In and Around the Fractal Design Define R4

It's going to be difficult to go through this review without talking about the Fractal Design Define R3, so while I don't like assigning homework, reading our review of that enclosure can at least help put this new one in perspective. Essentially what we're looking at, though, is a mid-tower engineered primarily for silent running but capable of going the opposite direction in a pinch. This is in many ways a spiritual successor to Antec's P182 and P183, and in some ways I think it's actually a better engineered descendant than Antec's own P280 is. Fractal Design hits a lot of beats with the Define that Antec missed with the P280 and NZXT missed with the H2.

It starts with the front door. The R4's door is hinged on the left and has an attractive black brushed aluminum finish; the inside surface of the door features an acoustic foam that is used pretty extensively on the inside surfaces of the case. When you open the door, you'll see just two 5.25" drive bays and a pair of 120mm intakes hidden behind a door that pops open handily. There's also a removable fan filter in front of the fans. On the whole I like that Fractal Design has deprecated 5.25" drive bays, as it allows them to move the intake fans further north which in turn creates a better directed airflow towards the CPU heatsink. Next to the bays is a three-setting fan control switch, a great feature that was missing from the R3. With most fans (and most cases), full bore often isn't the most efficient setting to run at; usually there's an inflection point where the improvements in airflow become minimal compared to the amount of noise generated.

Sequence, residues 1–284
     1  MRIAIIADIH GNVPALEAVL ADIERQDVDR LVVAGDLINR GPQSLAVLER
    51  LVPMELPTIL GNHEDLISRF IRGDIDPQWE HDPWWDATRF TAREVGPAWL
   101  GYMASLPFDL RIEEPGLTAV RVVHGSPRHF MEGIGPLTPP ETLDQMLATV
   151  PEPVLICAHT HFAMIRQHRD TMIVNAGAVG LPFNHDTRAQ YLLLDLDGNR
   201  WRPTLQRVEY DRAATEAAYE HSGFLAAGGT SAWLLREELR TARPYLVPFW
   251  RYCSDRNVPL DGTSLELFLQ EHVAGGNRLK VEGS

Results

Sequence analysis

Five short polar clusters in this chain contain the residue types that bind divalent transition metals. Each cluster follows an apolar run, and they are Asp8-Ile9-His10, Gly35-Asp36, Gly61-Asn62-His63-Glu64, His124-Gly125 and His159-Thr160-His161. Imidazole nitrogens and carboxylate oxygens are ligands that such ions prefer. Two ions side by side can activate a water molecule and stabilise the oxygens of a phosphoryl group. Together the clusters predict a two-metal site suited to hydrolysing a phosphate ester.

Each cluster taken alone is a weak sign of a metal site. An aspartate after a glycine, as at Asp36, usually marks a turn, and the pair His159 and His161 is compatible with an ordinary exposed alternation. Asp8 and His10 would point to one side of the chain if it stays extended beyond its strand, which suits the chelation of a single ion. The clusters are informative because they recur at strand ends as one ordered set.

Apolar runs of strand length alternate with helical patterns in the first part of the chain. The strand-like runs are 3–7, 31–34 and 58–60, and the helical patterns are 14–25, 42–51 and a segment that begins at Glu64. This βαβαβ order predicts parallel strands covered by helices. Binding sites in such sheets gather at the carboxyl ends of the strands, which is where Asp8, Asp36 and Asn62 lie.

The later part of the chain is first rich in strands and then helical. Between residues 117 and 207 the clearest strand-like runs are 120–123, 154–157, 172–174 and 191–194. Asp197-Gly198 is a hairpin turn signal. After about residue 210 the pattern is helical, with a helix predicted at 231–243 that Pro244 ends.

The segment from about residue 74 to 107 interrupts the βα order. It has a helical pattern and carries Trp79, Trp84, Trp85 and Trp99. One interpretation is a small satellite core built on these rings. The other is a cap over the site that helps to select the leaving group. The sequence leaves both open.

The top of the R4 is going to be pretty familiar; I/O and buttons are at the front of the case, striking a compromise between users who put their towers on the floor versus users who put their towers on their desks. There are also two blocked off 120mm fan mounts; Fractal Design includes removable, acoustically padded panels behind the unused fan mounts that gives the enclosure some flexibility. If you want to increase airflow and mount additional fans, you can do so, but if not you can block those vents off and muffle noise in the process.

Side panels are basically the same, although our review unit was a bit stiff. The panels are held in place with thumbscrews, and the left side one has a 120mm fan mount with the same padded panel behind it. If you want to add a side intake, you have the option, but again not opting to doesn't mean having to deal with increased noise from an open vent. Finally, the back of the case presents one difference from the R3: Fractal Design got rid of the rubber-grommet holes typically used for external watercooling in favor of just adding an auxiliary expansion slot. I'm all for this change; most custom watercooling loops these days are completely internal and use cases that can accommodate them, so reclaiming that space for something that could conceivably be a little more useful is appreciated.

Open up the Define R4, and you'll see that while not a whole lot has changed from the R3, Fractal Design did make one very interesting change: the drive cages are now removable. They still have a staggering eight drive trays (again benefitting from the reduction in 5.25" drive bays), but the middle cage is easily removable with two screws and the bottom one can be removed by unscrewing it from the bottom of the case. Being able to ditch that middle one is a big, big win, as it allows you to completely unobstruct the primary front intake fan without sacrificing too much in the way of storage; conceivably you can still install two 2.5" drives (mounted to the back of the motherboard) and three 3.5" drives in the remaining drive trays, which should be plenty for most users.